The Korean ancestors had a custom of having ogokbap (boiled rice mixed with four other staple cereals) as a must special dish for Jongwoldaeborum (the fifteenth day of the first month by the lunar calendar) every year.

Ogokbap was also called ogokjapbap.

There were regional variations of five grains, but they mainly included rice, foxtail millet, sorghum, soya beans and adzuki beans.

An old book Rimwonsipryukji included rice, foxtail millet, sorghum, millet and adzuki beans in five grains; Kyuhapchongso, glutinous rice, foxtail millet, sorghum, soya beans and adzuki beans; and Sejong Sillok (Chronicles of King Sejong), rice, soya beans, millet, barley and barnyard grass.

Ogokbap has a very long history. Such five grains as rice, foxtail millet, sorghum, millet and soya beans were discovered among ancient relics. Records in the period of the Three Kingdoms (Koguryo, Paekje and Silla) deal with many stories about reaping a bumper harvest of five grains. An old book Tongguksesigi read that it was a traditional custom of having ogokbap on Jongwoldaeborum.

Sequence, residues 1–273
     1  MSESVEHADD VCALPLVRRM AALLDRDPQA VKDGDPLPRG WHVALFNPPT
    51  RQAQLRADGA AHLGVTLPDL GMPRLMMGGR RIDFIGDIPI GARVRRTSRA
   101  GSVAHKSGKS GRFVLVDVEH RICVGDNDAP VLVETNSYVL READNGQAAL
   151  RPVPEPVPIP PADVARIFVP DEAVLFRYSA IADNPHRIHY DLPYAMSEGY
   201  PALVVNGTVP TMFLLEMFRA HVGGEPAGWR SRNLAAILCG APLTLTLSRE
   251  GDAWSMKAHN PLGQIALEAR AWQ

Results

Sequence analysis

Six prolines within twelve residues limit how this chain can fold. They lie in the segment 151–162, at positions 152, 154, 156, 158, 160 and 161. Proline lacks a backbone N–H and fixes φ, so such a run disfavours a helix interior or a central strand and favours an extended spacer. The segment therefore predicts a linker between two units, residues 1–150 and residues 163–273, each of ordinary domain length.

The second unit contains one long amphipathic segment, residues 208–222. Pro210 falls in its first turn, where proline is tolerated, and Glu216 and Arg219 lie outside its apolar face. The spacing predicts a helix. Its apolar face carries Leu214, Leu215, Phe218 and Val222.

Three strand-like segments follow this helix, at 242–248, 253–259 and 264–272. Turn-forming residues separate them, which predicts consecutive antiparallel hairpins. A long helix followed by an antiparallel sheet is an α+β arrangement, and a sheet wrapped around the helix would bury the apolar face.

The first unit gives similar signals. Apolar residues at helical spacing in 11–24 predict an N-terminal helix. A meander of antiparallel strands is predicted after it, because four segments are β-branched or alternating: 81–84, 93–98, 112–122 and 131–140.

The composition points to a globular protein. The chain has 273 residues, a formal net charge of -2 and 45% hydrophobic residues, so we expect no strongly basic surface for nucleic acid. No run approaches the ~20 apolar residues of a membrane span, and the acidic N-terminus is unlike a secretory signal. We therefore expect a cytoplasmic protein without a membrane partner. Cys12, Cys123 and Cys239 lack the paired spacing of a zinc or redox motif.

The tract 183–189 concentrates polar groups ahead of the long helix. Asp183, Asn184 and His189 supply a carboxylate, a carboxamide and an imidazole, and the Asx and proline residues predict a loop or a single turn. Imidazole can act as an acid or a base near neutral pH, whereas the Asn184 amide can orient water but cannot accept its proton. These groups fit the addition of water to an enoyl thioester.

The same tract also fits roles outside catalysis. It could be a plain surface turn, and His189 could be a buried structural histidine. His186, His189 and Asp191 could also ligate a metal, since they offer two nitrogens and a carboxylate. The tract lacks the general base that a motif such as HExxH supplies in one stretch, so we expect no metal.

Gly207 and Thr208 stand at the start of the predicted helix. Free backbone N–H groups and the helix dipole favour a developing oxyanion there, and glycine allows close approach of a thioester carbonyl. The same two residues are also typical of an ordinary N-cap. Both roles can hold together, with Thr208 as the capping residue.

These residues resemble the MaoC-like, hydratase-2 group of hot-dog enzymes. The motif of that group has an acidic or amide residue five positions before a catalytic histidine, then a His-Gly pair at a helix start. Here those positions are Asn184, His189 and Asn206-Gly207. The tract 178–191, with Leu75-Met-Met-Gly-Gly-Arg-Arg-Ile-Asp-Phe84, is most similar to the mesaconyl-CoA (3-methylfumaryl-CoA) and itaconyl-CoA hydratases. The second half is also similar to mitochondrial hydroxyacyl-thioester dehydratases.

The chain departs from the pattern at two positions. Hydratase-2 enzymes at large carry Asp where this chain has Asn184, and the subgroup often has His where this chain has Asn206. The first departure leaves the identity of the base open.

The Koreans, who have engaged in farming from thousands of years ago, lived on boiled rice and cooked rice mixed with various grains.

The custom of having ogokbap on Jongwoldaeborum originated from the fact that the Korean ancestors wanted to have a good taste of various cereals which they had cultivated with painstaking efforts and that ogokbap was good for promoting their health. It is also associated with their simple desire to reap a rich harvest in the new year and enjoy five blessings (longevity, wealth, health, blessing of children and peaceful death).

Today, the Korean people enjoy having ogokbap not only on holidays but in ordinary times.

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